9. OT: My friends and I went to the Jackson Browne concert at Ledge Amphitheater in Waite Park on Tuesday. It was an incredible show. We had a great time even though it was so hot. We left St. Peter at 10 a.m. and stopped for lunch in Maple Grove at the Lotus for Vietnamese. I had a spring roll and pho. I’ve had better spring rolls but the pho was very good. Then we went to St. Cloud and walked in the Munsinger Clemens Gardens. The Clemens Gardens are formal gardens with lots of sun, statues and fountains, like English gardens. The Munsinger Gardens are natural, with mature trees, shade, and a beautiful trail right next to the river. We should have walked in Clemens Gardens first then cooled off in Munsinger Gardens but we didn’t. It was really sunny and hot in Clemens Gardens. I really don’t tolerate that kind of heat and humidity well. After the gardens we went to Granite City Brewery but they were so full and busy that our reservations were barely honored. We got seated outside. We never did get our food. The concert started at 7 and we still hadn’t received our meals at 6:30. We still had to drive in lots of traffic to the amphitheater and wait in long lines of cars with seven of us crammed into a Subaru Outback. We were a half hour late for the show – he started promptly at 7 – but we saw most of it. He did two encores, ending with The Load-out/Stay. The back-up singers he has are absolutely amazing. The sound was perfect and the show was incredible. It started to cool off around 8 or 8:30 but the heat had taken its toll on me by then. On the way home, my friend’s GPS system directed her on county roads from St. Cloud to St. Peter. Not the route I would have chosen but she relies on her GPS. We went through Howard Lake around midnight! I didn’t get home until after 2 a.m., exhausted and sweaty. I had a lot on my calendar yesterday and I was so tired. I’m starting to recover today. A memorable day!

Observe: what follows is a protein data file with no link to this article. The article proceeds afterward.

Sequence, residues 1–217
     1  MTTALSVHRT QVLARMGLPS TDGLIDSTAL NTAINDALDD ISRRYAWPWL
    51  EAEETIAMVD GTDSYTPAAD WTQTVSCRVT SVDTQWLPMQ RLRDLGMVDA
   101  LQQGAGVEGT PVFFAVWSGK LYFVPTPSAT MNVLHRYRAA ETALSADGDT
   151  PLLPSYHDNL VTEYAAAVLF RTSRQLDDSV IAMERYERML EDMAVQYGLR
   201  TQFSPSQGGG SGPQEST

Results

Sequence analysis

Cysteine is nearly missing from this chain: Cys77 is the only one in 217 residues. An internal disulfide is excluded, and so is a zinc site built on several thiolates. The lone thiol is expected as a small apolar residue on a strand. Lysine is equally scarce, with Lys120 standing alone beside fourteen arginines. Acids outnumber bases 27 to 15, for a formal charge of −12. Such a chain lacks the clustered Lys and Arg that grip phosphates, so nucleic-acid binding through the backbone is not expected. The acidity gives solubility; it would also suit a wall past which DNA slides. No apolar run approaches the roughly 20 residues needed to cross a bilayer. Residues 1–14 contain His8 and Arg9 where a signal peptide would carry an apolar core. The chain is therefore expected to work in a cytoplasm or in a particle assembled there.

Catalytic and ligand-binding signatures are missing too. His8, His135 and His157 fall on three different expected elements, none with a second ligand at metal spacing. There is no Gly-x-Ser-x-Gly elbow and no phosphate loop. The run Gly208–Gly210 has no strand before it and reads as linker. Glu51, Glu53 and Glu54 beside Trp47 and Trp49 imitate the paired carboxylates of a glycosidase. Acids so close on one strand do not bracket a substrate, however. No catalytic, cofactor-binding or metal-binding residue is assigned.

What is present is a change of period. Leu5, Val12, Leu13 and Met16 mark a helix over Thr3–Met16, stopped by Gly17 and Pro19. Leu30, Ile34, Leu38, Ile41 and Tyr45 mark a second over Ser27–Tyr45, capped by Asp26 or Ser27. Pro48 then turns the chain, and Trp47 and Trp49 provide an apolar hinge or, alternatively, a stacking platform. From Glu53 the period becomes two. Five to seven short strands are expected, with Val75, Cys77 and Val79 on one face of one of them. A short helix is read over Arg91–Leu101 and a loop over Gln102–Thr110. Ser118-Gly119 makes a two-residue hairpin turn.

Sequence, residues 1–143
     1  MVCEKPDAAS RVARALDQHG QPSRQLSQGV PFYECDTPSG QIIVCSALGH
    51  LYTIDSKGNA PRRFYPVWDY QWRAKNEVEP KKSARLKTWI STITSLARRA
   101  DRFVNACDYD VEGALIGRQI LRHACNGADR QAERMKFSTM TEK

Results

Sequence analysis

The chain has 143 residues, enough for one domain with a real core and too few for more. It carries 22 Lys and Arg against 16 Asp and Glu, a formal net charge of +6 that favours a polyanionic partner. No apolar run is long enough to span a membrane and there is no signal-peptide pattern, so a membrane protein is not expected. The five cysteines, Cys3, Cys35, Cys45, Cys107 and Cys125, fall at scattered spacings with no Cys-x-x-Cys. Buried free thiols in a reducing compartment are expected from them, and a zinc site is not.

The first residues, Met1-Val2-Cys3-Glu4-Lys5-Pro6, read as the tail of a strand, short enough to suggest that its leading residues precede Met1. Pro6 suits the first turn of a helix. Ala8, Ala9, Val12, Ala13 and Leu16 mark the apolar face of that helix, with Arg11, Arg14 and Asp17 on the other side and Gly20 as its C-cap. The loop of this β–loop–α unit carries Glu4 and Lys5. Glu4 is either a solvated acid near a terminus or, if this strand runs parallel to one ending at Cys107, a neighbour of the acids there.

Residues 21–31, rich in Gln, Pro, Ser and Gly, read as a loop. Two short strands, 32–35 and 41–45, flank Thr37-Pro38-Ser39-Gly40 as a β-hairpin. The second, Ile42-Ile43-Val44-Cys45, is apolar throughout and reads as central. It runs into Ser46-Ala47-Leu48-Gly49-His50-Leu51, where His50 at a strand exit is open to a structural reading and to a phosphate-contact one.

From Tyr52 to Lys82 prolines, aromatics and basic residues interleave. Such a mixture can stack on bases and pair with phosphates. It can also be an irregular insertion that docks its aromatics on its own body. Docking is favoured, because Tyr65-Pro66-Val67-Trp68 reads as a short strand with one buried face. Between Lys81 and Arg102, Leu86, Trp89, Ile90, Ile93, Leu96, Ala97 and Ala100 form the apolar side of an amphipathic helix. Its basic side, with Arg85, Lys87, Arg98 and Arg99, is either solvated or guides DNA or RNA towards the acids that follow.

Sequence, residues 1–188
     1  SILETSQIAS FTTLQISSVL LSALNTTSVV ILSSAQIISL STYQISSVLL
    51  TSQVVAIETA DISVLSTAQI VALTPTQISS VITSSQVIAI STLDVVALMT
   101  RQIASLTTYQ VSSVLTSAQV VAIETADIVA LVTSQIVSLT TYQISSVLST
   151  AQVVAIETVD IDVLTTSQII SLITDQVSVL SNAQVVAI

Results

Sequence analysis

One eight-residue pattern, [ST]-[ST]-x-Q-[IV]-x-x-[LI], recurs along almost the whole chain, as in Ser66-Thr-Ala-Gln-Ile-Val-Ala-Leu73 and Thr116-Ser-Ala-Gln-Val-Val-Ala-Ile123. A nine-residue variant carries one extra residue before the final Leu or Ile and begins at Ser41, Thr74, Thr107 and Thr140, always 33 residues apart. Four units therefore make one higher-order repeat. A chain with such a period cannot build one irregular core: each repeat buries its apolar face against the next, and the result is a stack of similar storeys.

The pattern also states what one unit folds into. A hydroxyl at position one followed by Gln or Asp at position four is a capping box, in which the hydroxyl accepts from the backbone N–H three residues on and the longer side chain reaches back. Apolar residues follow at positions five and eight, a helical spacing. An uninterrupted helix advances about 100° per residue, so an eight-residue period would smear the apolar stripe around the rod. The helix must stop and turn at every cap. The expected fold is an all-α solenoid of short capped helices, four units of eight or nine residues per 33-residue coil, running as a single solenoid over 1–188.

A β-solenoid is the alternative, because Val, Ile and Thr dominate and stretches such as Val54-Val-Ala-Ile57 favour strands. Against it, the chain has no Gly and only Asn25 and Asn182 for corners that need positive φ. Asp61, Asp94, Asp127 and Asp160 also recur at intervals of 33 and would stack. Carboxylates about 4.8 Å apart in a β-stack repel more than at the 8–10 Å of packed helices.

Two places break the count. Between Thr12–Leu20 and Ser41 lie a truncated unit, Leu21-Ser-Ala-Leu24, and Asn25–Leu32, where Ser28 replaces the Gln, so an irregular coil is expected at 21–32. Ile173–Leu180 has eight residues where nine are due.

Liked by 3 people

  10. Afternoon –
    Met tim today; he got eggs and the farm tour.

    I don’t think I want to part of the legal system either.
    beyond that… I can’t think of anything to offer. 🙂

    Liked by 4 people

  11. As part of my role on a regulatory board, I Have to send out letters and emails in my name that have been crafted in part by our board attorney. Boy, do I sound smart in those documents!

    Liked by 3 people

  12. I really enjoy Boston Legal as a TV series. When I was in high school, I enjoyed Paul Newman in The Verdict. I have the complete series of Rumpole of the Bailey but haven’t started it yet but Leo McKern was masterful in everything he did. I think my favorite ‘law-based’ film would have to be A Fish Called Wanda.

    Liked by 3 people

  13. Just finished JoJo Moyes’ book, in audiobook form, The Giver of Stars. Generally the book was OK, but there is a murder trial in the book, and the author doesn’t seem to know anything about legal proceedings. The defense calls a witness at the last minute, nice for dramatic effect, but seems to violate discovery rules. No one knows what the witness is going to say, even the defense attorney. And there is never a discussion of the defendant being offered a plea deal, even though the murder charge is really a stretch by any definition, should have been manslaughter at most. The narrator of the audiobook was really good, switching quite effortlessly between southern and British accents as required. Still, it bothers me when authors are sloppy on their research.

    Liked by 4 people